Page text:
Bailey is currently a legal intern at NASA Headquarters for the Office of the General Counsel in the International Law Practice Group. Additionally, Bailey volunteers with For All Moonkind and serves as the Space Law Project Manager. Through this organization, Bailey has presented at the United Nations Scientific and Technical Subcommittee of the Committee on the Peaceful Uses of Outer Space on the importance of preservation and sustainable practices in returning to the moon. Bailey also serves as the Vice-Chair for the NSS International Committee.

AJ Link received his JD from The George Washington University Law School. His studies focused extensively on disability law, international human rights, and space law. AJ has been actively involved with disability advocacy in the Washington, DC area and nationally within the United States. While at GW, he chaired the Diversity and Inclusion Assembly for the Student Association and the Student Life Committee. He also founded the Atypical Student Society, a student organization for neurodiverse and disabled law students, at the law school and served as its inaugural president. AJ was the president of the GW Law Space Law Society and co-chaired the Student Affinity Group Enterprise.

AJ was awarded the Michael Dillon Cooley Memorial Award by his graduating class for his compassion and humanity in serving his fellow students. He serves on several advisory boards that focus on disability advocacy and justice. AJ is openly autistic and was a 2020 Disability:IN NextGen Leader. AJ is currently pursuing an LL.M in Space Law at the University of Mississippi School of Law, while also chairing The Center for Air and Space Law Task Force on Inclusion, Diversity, and Equity in Aerospace and a Senior Editor of the Journal of Space Law. He works as a research director for the Jus Ad Astra project and serves as co-president of the National Disabled Law Students Association, which he co-founded.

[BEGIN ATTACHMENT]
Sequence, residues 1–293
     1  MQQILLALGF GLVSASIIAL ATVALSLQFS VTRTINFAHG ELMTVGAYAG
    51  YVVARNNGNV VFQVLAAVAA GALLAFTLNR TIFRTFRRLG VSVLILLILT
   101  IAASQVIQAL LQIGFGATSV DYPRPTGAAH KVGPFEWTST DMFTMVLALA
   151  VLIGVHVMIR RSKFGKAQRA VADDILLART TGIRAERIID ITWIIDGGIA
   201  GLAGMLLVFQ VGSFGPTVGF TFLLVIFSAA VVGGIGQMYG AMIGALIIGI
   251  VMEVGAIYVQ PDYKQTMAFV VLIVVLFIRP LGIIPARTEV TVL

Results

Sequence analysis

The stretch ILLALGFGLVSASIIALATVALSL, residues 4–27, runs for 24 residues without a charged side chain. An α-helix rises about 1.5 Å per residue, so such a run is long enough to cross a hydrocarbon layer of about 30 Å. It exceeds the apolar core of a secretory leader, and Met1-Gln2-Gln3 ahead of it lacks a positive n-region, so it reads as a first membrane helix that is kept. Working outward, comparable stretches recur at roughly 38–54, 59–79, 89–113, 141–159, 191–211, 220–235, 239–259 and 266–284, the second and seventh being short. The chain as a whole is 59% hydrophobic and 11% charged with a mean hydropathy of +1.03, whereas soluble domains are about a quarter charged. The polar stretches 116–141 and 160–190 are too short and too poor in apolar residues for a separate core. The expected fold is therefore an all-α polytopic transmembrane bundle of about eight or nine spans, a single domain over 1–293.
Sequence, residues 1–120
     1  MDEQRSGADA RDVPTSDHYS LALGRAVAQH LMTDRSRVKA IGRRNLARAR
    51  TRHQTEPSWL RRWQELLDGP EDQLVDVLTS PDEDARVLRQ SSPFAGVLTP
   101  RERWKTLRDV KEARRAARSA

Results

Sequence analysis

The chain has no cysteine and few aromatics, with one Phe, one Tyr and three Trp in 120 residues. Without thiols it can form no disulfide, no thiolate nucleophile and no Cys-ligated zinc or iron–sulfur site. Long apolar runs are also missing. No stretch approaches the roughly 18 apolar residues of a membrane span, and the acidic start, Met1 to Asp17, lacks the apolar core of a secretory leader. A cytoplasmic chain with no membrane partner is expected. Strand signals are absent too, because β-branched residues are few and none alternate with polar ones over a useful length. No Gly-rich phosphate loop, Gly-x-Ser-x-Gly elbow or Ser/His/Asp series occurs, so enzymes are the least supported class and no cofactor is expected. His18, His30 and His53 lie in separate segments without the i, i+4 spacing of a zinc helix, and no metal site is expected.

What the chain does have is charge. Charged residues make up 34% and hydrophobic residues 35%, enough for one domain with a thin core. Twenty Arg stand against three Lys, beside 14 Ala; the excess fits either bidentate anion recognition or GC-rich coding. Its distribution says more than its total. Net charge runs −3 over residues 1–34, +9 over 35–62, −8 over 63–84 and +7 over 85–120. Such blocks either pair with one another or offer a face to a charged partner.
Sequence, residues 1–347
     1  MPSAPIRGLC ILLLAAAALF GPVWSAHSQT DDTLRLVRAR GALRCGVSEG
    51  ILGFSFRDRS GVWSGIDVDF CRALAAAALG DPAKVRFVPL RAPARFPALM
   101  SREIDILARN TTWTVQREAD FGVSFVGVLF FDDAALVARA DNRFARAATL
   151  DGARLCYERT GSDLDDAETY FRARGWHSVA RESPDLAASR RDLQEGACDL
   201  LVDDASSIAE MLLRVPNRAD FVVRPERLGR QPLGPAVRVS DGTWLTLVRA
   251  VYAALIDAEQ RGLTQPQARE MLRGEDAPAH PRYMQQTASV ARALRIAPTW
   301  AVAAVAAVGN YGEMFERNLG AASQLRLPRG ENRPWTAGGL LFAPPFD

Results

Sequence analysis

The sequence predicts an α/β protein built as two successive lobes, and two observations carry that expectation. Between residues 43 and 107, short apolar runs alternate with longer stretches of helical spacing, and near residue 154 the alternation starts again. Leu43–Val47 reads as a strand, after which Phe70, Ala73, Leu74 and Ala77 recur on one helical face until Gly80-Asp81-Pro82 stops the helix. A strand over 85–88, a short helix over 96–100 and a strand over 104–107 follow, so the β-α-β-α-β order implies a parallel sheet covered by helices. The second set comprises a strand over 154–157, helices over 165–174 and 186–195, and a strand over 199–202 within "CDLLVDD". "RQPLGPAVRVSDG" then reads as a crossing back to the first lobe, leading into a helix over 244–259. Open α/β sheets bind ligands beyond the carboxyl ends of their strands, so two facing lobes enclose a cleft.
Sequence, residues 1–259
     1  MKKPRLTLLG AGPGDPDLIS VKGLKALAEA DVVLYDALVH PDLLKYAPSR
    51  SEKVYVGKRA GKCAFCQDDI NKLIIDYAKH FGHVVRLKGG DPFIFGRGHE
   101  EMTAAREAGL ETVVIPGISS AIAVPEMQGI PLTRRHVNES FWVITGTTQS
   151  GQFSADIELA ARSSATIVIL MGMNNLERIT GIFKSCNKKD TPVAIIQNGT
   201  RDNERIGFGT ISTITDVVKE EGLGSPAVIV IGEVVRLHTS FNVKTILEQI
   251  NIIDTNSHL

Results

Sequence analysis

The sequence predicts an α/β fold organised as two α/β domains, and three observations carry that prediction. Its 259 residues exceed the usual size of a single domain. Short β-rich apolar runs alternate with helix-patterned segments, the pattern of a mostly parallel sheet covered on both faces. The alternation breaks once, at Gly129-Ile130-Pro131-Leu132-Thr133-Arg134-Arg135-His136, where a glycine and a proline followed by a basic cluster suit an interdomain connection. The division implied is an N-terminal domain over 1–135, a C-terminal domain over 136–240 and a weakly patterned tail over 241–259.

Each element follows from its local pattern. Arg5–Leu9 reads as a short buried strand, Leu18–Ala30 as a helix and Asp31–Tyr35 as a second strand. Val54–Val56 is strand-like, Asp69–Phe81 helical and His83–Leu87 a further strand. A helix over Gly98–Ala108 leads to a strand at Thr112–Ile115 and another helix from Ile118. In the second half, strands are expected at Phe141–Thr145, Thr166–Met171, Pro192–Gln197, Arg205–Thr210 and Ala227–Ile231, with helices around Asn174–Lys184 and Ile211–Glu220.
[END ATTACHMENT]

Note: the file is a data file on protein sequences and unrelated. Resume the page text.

Christiana Paissios is a second-year law student at the University of Mississippi. She is a Greek-American from Puerto Vallarta, Mexico, and double-majored in Anthropology and Political Science from the University of California, Irvine. Christiana is interested in Drone and Air Law while working to complete the Business Law concentration. She is the President of the LatinX Law Student Association, Director of Student Affairs for the Graduate Student Council and a Staff Editor for the Journal of Space Law.

Samuel Thorpe is a second-year law student at the University of Mississippi School of Law where he focuses his studies in Air and Space Law. Sam takes part in many extracurricular activities that focus on Air and Space Law. Recently Sam has become President of the Ole Miss Air and Space Law Society and a Senior Editor on the Journal of Space Law. Sam’s infatuation with space started as child when his parents would wake him up to watch shuttle launches from his front yard in Orlando, Florida. Sam rediscovered his love for space at the University of Central Florida in Professor Robert Bledsoe’s Space Law class. Sam hopes to publish his thoughts on the creation of space infrastructure, colonization, and mining before he graduates with his J.D. from the University of Mississippi.

Register today to reserve your seat and to submit your questions.

Register no later than April 22 at 8 pm EDT

Note: If you have difficulty registering, send an email to [email protected].


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3 thoughts on “NSS Space Forum: Space Law to Support Future Communities in Space”

  1. What types of agencies can you work for with specializing in Space Law?
    Is anyone looking to work for the government?